With Borro.com, there are never any credit checks, intrusive questions, bureaucratic delays, debt collectors, court actions, bailiffs, asset seizures or repossessions – ever!
If you want easy cash, and fast cash at low rates in the form of an affordable, low interest rate loan, visit online pawn shop, Borro.com. For a cheap, no risk short term loan, phone leading short term loan provider, free, on 0800 756 9877.
An interesting video from Ledger Live at NJ.com
|Ledger Live: Pawn brokers are the new economic indicator|
Pawnshops as a barometer for the economy? Sure!
I’m attending an Expo by the National Pawnbrokers Association giving seminars to pawn shop owners and having a Pawnonomics book signing. The NPA has launched a new public relations website for US pawnshops.
This site is filled with valuable pawnbroking information and will continue to evolve with the industry. Pawnbrokers worldwide should be proud to have this site available to government and the media. Pawnshop customers should benefit by having this information available on the site. Great job NPA! This site is fine example of REAL consumer protection in the US and around the world.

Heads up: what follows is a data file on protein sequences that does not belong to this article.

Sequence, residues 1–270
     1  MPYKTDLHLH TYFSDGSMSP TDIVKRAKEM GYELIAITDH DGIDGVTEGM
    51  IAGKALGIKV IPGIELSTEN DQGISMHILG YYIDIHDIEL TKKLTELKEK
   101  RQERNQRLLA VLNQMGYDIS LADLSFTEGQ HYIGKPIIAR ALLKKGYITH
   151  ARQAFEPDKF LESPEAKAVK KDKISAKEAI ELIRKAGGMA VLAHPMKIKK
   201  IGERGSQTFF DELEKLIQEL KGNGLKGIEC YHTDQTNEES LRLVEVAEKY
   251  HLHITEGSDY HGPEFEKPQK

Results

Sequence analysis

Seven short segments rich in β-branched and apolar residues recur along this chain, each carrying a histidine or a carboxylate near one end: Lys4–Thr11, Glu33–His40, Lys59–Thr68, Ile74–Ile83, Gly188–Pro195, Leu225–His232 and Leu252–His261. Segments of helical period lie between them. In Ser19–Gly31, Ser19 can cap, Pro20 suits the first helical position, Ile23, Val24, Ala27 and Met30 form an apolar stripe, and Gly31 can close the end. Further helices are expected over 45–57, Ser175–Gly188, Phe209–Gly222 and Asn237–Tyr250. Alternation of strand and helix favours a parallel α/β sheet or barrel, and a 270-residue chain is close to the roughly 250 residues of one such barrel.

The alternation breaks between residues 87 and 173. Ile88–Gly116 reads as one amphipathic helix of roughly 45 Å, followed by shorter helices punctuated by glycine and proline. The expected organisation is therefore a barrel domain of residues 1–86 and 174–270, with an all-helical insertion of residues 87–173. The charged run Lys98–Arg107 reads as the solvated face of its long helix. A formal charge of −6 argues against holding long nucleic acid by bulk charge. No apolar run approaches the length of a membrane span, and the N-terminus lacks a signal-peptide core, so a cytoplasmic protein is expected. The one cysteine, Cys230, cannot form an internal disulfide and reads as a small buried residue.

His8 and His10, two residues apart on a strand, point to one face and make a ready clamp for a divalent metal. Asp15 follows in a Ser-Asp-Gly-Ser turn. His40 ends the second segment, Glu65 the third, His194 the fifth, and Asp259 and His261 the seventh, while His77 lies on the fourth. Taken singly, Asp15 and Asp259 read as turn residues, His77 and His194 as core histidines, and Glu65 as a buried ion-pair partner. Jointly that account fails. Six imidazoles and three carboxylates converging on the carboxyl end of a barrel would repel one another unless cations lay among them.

Here’s some interesting pawnshop history from the Jewish Times of South Jersey jewishtimes-sj.com:
In 1927 Irwin and Tillie Wood opened a pawn shop in Atlantic City. They catered to those who were in need of small sums of money and didn’t have access to a bank. Over 80 years later Wood’s Loan Office continues to thrive under the direction of Martin Wood and is one of only two licensed pawn shops remaining in Atlantic City.
By MARTY FINLEY
ELIZABETHTOWN — City officials soon may require pawn shops and pawnbrokers operating within the city to use a trackable electronic records system in an effort to curb theft and recover stolen property.
Council members on Monday approved the first reading of an ordinance amending Chapter 112 of the city’s Code of Ordinances. The amendment would require pawn shops and pawnbrokers to join LeadsOnline, a database that tracks stolen property and those suspected of the theft.